In modern times, heart disease has become more of a lifestyle concern where either people don't have time or luxury tends to make them lazy. That said, there has also been enough evidence to prove that exercise in any form is great to boost your physical and mental health and especially heart health. A latest study published in the European Journal of Preventive Cardiology throws the spotlight on the benefits of practicing yoga.
Yoga is a physical, mental and spiritual practice that aims to transform your mind, body and energy. It is known to have originated in India back in the Pre-Vedic period. It is believed that Indian gurus introduced it to the Western countries. According to this new study conducted by Harvard experts, yoga can be as effective as cycling or brisk walking in reducing the risk of a heart attack or stroke. It has been found to be beneficial in managing and improving the risk factors associated with cardiovascular disease and can be a 'potentially effective therapy' for cardiovascular health. (Are You Breathing the Right Way?)
Following a systematic review of 37 randomised controlled trials (which included 2,768 subjects), researchers could conclude that yoga may provide the same benefits in risk factor reduction as traditional physical activities such as biking or brisk walking. "This finding are significant as individuals who cannot or prefer not to perform traditional aerobic exercises might still achieve similar benefits in (cardiovascular) risk reduction," the team said. The investigators noted that this might be because of yoga's impact on stress reduction, "leading to positive impacts on neuroendocrine status, metabolic and cardio-vagal function". (Mindful Meditation Helps Lower Blood Pressure)
There were also significant changes in secondary endpoints like body weight, diastolic blood pressure, total cholesterol and heart rate. In comparison to not exercising at all, yoga was associated with significant improvement in primary outcome risk factors like body mass index, systolic blood pressure, low-density (bad) cholesterol and high-density (good) cholesterol. However, no improvements were found in parameters of diabetes. (The Weirdest Fitness Trends of 2015)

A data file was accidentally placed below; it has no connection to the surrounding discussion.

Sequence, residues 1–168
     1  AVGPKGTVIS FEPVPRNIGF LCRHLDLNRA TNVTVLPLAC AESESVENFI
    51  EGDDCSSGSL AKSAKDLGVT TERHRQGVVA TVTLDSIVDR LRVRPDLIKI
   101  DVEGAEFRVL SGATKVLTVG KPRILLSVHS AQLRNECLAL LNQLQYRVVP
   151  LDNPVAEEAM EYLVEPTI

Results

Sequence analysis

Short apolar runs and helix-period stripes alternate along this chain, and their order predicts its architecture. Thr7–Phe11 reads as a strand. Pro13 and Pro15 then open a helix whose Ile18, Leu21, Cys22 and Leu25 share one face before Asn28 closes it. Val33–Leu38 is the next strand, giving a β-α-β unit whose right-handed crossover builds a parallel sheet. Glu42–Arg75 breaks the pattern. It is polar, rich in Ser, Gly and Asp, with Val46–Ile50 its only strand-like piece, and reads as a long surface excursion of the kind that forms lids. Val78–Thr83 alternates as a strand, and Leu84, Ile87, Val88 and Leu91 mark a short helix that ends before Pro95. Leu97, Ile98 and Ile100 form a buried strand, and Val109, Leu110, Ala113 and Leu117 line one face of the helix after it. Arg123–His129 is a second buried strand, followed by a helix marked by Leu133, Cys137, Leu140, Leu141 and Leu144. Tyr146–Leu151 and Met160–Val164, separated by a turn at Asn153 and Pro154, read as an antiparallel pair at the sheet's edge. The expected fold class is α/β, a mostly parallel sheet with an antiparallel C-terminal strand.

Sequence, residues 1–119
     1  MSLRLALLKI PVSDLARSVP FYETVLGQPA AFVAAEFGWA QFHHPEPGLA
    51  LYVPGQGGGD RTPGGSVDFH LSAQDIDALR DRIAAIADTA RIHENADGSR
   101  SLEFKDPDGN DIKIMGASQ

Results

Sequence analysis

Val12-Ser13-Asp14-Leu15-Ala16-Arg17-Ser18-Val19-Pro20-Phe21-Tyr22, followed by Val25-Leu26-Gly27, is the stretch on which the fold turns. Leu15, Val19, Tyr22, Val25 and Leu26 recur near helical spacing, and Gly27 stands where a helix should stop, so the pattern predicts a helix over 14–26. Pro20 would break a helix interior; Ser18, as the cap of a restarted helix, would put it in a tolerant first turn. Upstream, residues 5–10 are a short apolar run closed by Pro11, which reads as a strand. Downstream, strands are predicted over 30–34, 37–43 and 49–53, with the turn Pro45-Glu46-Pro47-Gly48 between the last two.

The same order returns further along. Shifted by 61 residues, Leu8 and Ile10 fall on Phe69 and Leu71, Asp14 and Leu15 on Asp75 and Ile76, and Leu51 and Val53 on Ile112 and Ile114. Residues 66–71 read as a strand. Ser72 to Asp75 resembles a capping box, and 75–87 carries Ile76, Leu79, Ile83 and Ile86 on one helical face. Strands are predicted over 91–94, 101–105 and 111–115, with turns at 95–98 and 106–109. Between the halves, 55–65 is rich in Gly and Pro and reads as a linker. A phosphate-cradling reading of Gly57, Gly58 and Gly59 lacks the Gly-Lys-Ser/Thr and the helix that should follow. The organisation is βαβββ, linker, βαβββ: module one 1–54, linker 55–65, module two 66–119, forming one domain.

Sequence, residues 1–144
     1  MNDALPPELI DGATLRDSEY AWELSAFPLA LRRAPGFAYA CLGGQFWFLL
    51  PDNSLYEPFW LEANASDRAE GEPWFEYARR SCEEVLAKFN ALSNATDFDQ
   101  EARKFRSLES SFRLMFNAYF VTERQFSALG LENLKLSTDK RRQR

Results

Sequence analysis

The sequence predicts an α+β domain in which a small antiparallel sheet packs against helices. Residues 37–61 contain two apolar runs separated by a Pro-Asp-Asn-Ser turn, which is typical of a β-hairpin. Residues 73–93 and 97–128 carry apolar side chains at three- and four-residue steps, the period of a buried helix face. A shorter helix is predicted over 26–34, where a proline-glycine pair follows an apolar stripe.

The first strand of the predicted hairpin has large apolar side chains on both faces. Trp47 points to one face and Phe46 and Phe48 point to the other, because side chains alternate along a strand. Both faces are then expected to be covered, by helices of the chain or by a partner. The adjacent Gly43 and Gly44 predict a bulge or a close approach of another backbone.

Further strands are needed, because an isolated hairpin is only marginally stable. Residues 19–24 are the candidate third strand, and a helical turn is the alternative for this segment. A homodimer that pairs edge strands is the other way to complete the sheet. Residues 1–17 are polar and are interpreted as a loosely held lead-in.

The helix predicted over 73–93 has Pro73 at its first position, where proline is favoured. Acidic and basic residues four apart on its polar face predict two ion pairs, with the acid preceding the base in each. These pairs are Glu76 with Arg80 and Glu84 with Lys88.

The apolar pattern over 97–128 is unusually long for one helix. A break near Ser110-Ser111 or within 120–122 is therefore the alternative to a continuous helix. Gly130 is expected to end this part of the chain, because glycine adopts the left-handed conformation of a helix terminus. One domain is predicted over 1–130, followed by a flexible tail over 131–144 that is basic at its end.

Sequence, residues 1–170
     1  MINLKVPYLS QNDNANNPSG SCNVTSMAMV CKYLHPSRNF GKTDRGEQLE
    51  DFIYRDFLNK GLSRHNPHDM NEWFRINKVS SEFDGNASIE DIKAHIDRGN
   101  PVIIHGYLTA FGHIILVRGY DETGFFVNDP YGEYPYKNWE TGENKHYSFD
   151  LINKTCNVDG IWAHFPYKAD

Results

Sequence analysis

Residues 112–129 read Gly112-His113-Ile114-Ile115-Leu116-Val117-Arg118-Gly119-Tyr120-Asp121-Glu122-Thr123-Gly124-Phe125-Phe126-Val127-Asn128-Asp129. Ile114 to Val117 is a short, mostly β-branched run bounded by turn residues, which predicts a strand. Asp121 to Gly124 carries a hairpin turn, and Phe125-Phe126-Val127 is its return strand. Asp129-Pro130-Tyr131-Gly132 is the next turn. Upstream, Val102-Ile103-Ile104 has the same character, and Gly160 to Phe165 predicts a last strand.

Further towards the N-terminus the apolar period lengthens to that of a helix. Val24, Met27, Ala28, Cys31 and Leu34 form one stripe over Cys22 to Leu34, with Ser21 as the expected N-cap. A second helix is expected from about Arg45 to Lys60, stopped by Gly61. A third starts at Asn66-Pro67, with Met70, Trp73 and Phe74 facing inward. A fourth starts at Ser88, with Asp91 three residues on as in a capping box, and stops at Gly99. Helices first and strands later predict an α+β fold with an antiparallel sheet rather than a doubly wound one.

"These results indicate that yoga is potentially very useful and, in my view, worth pursuing as a risk improvement practice," said senior author professor Myriam Hunink from Erasmus University Medical Center, Rotterdam, and Harvard School of Public Health, Boston.
Recently, the UN General Assembly (UNGA) declared June 21 as International Yoga Day, recognizing ancient India's 'holistic approach to health and well-being.' This has been credited to Prime Minister Narendra Modi's efforts who had proposed holding an International Yoga Day in his UN General Assembly speech in September 27 this year. (PM Modi's Win: UN Declares International Yoga Day)
The evidence from this study also supports yoga's acceptability for 'patients with lower physical tolerance like those with pre-existing cardiac conditions, the elderly, or those with musculoskeletal or joint pain'. Experts are of the opinion that the yoga is an easy and low cost tool that can help in managing heart health.